I never saw this article and do not know if it was posted.
Was Peyton Manning's arm strength a problem?
By Gregg Rosenthal
The final wayward throw of Peyton Manning's first season with the Denver Broncos will live on in infamy, like Brett Favre's interception in the 2010 NFC Championship Game. It was so out of character of Manning to force a pass across his body. It was the act of a young player or a desperate player.
But that wasn't the throw that stuck out most in my mind after Denver's loss. I remembered a wobbly third-down pass to Brandon Stokley in overtime. At a huge moment in the game, Manning's arm didn't appear to have enough juice for a routine throw.
That throw, combined with an utter lack of vertical passing from Denver, created a lot of talk centered around whether Manning's arm strength was a problem in the bitter cold. Steve Wyche of NFL.com relayed from one Ravens source that safety Ed Reed played in the deep center field the entire game. The Ravens were daring Manning to go deep, but he didn't test them.
Ravens cornerback Corey Graham, who picked off Manning twice, said Manning's patience to dink and dunk gave Baltimore confidence.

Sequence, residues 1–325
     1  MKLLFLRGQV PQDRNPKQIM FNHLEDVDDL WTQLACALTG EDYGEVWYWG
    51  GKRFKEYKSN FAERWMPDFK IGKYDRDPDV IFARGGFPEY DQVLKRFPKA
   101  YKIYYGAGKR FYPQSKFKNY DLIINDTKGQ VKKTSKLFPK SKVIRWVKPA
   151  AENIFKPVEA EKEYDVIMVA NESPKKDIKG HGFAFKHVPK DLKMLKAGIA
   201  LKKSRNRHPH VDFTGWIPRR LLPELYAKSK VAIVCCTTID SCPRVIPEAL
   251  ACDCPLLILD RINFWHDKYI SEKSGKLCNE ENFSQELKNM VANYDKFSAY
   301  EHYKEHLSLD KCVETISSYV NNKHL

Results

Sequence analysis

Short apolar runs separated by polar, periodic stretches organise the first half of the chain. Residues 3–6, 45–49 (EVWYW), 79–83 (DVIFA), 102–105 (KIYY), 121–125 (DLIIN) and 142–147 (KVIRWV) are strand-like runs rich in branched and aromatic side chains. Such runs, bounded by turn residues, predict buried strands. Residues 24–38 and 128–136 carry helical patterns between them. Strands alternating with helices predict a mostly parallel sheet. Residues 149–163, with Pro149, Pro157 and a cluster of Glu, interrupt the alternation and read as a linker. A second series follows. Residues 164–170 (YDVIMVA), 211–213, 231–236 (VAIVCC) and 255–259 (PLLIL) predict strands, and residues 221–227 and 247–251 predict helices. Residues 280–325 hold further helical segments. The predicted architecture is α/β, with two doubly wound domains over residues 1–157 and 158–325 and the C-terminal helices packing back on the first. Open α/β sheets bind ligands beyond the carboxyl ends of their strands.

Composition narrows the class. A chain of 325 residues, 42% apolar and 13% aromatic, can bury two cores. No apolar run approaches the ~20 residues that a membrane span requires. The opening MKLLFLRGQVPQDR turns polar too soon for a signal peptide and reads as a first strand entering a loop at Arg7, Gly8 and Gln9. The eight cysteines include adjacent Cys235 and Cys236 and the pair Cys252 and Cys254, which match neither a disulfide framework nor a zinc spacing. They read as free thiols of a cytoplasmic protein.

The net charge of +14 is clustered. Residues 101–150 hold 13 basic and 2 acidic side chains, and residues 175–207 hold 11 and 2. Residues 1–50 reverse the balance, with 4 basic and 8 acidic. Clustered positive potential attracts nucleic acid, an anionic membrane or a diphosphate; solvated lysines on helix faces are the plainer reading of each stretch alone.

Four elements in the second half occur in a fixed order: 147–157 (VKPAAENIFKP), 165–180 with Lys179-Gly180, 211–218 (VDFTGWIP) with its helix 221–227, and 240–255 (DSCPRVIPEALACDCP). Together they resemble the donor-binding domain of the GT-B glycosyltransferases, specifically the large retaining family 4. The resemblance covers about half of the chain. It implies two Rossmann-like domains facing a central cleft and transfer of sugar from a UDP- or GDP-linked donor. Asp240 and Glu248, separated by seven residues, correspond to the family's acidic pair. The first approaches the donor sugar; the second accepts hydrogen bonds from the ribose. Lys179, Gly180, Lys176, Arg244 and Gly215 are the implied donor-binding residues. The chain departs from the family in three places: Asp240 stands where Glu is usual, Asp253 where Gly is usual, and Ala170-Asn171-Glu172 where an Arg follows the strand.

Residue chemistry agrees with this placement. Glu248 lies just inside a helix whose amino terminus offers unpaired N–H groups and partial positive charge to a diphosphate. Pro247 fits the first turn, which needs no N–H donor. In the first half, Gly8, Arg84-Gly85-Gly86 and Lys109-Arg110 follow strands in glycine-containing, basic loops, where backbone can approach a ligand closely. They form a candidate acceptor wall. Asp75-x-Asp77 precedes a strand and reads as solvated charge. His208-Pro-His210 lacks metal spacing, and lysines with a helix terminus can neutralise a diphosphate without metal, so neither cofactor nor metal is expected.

"Graham said that the Ravens' defensive backs became more brazen as the game went on, since they weren't being challenged deep," Wyche wrote. "As the possessions increased in importance, it seemed as if Denver was more intent on moving the chains than taking chances."
The Broncos scored one time on their final eight offensive possessions, not including the team's two possessions where John Fox called for Manning to take a knee instead of try to drive and set up for a field goal. I believe Fox coached not to lose. His timidity was a huge factor in the defeat. But perhaps he had concerns with Manning's ability to push the ball down the field?
With the help of Game Rewind, I went back to watch all of Manning's throws. There were some other concerning moments besides the throw to Stokley. Three examples:
Rest of article: http://www.nfl.com/news/story/0ap100...ngth-a-problem